February 1954


Author Affiliations

From the Department of Surgery, Washington University School of Medicine, and Barnes Hospital, St. Louis.; Associate Professor of Surgery, Colorado University School of Medicine, and Chief of Surgical Service, Veterans Administration Hospital, Denver.

AMA Arch Surg. 1954;68(2):167-178. doi:10.1001/archsurg.1954.01260050169005

IN MANY of the underdeveloped areas of the world it is impossible locally to prepare solutions sufficiently pure to be employed for intravenous infusion. A major need, therefore, exists for an easily obtainable cheap source of sterile pyrogenfree fluid suitable for intravenous administration.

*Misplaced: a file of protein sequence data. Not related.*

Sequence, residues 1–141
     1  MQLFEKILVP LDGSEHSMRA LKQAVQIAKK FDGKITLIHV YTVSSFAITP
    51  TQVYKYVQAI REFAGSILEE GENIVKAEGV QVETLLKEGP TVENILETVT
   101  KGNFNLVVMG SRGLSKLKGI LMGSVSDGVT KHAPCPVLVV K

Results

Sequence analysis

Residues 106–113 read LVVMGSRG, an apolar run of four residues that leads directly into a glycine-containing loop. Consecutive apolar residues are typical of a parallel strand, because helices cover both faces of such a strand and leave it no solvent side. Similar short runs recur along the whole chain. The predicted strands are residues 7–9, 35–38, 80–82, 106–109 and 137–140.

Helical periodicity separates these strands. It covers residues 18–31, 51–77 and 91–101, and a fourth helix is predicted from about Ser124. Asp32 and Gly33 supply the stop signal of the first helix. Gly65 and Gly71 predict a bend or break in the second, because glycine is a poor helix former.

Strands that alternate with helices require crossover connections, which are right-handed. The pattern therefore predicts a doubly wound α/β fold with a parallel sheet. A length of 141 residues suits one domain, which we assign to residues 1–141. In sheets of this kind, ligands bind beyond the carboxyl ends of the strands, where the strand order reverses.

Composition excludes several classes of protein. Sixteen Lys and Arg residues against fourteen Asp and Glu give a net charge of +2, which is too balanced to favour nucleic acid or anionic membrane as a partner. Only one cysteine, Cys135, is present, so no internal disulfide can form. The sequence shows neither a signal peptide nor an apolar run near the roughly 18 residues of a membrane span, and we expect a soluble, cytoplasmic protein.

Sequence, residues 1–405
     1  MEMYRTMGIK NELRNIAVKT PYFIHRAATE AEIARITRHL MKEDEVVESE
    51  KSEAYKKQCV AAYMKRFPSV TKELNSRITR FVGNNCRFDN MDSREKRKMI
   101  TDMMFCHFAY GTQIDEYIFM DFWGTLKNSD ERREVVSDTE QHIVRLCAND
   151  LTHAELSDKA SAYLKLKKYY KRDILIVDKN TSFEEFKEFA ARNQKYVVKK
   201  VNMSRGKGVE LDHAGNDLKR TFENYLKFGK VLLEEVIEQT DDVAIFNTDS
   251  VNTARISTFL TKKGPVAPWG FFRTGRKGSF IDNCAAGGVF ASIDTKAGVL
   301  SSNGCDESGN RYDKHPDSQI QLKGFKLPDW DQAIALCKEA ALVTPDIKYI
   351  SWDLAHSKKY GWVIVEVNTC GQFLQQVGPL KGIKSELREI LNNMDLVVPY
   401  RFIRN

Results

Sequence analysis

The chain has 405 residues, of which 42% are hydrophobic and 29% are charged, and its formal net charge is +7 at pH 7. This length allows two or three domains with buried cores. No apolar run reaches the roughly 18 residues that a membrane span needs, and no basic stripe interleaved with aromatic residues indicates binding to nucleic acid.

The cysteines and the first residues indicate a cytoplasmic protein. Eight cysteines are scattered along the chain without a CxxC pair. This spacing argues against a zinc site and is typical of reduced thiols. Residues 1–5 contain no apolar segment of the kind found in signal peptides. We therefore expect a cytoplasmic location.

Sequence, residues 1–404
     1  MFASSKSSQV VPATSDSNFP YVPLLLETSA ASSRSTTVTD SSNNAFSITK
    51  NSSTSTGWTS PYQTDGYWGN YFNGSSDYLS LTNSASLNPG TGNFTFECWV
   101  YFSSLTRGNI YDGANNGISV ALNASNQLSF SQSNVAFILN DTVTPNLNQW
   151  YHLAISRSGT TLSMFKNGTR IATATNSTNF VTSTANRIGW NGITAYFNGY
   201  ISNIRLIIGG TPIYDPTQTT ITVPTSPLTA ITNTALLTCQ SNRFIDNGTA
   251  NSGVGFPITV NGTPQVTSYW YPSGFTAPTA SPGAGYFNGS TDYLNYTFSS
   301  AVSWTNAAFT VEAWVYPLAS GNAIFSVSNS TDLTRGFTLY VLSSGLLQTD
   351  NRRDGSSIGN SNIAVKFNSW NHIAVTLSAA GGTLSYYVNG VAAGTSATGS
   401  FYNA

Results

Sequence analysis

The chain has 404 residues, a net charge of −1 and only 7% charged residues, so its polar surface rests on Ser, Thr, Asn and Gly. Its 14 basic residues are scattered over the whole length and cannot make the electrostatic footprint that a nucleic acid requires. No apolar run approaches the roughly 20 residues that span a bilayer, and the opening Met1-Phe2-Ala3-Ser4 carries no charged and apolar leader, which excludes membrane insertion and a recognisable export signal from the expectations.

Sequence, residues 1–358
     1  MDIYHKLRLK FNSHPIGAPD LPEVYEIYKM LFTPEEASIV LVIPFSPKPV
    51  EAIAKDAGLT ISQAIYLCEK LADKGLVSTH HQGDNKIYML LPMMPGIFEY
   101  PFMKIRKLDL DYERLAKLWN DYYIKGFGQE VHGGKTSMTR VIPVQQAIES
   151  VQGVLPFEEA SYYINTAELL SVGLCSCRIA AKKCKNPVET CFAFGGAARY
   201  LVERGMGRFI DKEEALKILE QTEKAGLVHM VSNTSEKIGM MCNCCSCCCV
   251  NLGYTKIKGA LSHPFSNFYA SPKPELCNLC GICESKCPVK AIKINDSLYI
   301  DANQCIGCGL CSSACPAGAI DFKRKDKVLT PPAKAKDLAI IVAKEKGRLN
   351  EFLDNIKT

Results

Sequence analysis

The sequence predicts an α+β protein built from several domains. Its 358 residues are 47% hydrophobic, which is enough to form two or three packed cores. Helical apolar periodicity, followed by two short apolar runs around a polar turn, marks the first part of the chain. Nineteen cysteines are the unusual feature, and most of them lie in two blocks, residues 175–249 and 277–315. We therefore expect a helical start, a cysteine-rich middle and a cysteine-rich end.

The purpose of this communication is to present laboratory and clinical data concerning coconut water as a possible source of such intravenous fluid. Should this material prove to be satisfactory, it might be of benefit both to physicians now practicing in remote areas and under emergency military conditions where the normal sources of intravenous solutions have been interrupted.

MATERIALS AND METHODS  This study has been carried out in Bangkok, Thailand, and in St. Louis. The majority of the laboratory procedures have been undertaken in St. Louis; clinical trials have been done in both Thailand and St. Louis. The present study deals only with coconut water of low

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